Wednesday, April 28, 2010

World's Most Powerful Supercomputer Coming to Iowa

Iowa State University and Ames Laboratory researchers are working to scale up their computational chemistry tools for the Blue Waters supercomputer being developed at the University of Illinois and its National Center for Supercomputing Applications. (Go to story)

Tuesday, April 27, 2010

Engineering the Perfect Algae Strain

An article in the May 2010 issue by Nicholas Zeman details research by a group of Iowa State University researchers working to develop hybrid strains of algae with desirable characteristics for use in bio-fuels production. Ames Laboratory associate scientist Basil Nikolau is a member of the research team. (Go to article)

Tuesday, April 20, 2010

Restarting U.S. rare-earth production

EARTH writer Harvey Liefert writes about recent testimony before a House subcommittee on the need to reinvest in rare-earth research and development, quoting Ames Laboratory senior metallurgist Karl Gschneidner who was one of several rare earth experts to testify (Go to story)

Monday, April 12, 2010

Rare Earths R&D funding critical to stemming brain drain in U.S. materials manufacturing

Mineweb writer Dorothy Kosich's article on the shortage of rare-earth materials research prominently quotes Ames Laboratory senior metallurgist Karl Gschneidner on the cause behind the problem and the need for greater funding of rare-earth research in the U.S. (Go to the article)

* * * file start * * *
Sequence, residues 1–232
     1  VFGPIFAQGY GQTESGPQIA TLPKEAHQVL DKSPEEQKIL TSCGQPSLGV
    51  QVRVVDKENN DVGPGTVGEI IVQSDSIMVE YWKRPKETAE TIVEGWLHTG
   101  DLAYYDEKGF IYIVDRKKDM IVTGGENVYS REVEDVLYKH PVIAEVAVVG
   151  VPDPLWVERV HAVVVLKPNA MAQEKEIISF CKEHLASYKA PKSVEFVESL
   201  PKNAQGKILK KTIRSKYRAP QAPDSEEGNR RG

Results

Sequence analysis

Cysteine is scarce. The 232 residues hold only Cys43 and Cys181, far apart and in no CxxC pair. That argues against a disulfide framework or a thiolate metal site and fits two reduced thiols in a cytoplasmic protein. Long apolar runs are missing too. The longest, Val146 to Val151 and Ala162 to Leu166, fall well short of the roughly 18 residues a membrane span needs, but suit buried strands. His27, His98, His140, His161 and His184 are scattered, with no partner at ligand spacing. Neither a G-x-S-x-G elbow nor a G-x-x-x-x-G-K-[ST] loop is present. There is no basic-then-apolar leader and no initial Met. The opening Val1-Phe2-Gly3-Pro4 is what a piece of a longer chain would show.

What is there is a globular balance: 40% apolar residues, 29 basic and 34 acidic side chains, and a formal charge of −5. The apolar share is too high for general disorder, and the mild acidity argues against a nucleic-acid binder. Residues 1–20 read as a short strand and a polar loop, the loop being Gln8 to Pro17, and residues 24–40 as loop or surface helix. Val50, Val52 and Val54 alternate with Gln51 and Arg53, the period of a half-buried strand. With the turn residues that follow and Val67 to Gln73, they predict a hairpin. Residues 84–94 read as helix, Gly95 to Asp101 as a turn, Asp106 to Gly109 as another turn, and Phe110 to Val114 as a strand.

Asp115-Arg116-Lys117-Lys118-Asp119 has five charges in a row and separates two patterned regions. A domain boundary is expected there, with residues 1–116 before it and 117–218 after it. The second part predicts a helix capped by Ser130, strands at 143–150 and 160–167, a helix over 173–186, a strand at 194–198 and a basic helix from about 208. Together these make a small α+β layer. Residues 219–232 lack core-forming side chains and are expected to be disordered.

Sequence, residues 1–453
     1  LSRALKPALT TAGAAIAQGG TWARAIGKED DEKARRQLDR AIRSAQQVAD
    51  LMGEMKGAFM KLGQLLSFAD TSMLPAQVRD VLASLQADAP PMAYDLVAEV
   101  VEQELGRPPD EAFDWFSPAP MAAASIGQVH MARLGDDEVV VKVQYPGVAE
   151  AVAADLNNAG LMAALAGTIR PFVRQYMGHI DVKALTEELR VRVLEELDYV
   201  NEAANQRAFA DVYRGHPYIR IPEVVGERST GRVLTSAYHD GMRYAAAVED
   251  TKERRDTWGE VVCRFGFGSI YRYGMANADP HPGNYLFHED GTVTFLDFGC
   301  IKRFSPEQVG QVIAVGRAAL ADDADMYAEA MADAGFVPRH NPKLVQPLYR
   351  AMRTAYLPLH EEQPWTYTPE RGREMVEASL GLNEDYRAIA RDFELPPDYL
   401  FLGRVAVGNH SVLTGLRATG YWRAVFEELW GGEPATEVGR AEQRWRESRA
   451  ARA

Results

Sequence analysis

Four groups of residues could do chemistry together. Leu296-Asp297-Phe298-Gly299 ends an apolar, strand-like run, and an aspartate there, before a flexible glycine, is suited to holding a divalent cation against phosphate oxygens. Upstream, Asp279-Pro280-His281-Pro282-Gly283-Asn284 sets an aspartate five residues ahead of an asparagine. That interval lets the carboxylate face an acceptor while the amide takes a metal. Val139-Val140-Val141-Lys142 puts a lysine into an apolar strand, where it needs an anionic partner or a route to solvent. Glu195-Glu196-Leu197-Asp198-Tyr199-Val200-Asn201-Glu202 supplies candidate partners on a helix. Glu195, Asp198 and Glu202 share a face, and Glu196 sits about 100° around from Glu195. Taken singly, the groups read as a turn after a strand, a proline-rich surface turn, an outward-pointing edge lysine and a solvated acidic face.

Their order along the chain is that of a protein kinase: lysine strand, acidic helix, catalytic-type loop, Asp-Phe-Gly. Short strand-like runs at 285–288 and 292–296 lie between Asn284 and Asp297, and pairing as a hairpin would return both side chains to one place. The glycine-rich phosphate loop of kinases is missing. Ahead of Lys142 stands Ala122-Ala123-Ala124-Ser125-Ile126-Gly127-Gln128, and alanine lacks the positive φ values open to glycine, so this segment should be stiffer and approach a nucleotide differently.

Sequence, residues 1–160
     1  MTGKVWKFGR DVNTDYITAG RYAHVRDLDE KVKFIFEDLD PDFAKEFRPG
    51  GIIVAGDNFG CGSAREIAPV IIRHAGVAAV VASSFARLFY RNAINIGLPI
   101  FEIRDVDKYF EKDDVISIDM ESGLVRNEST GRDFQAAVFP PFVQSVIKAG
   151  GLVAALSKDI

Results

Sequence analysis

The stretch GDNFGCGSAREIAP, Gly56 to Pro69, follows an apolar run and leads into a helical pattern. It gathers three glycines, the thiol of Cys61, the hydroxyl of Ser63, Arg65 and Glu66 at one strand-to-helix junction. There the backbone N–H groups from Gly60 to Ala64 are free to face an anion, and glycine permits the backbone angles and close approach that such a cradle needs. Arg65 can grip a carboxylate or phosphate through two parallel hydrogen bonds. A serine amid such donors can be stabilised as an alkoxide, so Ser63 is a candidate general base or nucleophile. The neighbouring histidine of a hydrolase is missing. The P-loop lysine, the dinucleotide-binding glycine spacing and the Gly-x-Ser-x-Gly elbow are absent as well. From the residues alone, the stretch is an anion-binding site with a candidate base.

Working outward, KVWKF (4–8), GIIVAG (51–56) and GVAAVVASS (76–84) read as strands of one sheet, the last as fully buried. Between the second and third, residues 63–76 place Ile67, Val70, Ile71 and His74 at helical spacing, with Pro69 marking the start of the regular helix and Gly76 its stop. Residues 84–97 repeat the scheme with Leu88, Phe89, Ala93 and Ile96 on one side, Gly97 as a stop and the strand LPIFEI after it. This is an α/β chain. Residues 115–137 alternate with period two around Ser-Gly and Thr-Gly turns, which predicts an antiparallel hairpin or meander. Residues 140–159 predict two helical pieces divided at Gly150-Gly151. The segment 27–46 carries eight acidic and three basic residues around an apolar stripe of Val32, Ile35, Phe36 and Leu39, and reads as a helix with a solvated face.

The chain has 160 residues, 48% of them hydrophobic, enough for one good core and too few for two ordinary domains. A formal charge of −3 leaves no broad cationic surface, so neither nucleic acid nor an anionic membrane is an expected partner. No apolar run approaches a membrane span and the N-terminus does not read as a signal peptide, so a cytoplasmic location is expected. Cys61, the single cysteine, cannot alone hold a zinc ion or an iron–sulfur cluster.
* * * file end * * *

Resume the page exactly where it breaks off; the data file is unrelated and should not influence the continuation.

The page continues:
Global Scramble Looms for Vital 'Clean Energy' Minerals

The New York Times carried a story by writer Katie Howell on the global scramble for rare-earth materials. Howell notes Ames Lab's historic role as the U.S. center for rare-earth research and quotes Ames Laboratory senior metallurgist Karl Gschneidner (Go to article - see page 2)

Thursday, April 1, 2010

A Cloud in Every Silver Lining: The New Obstacle to a Green-Tech Revolution

The March 31st edition of the Huffington Post carried a blog by Bill Chameides, Dean of Duke's Nicholas School of the Environment; Member of the National Academy of Sciences, that details the problem of China's monopoly on rare-earth metals and the threat to technology and security that poses. Chameides's blog, originally posted on, quoted Ames Laboratory senior metallurgist Karl Gschneidner's testimony before a House Subcommittee on the rare-earth crisis. (Go to the posting)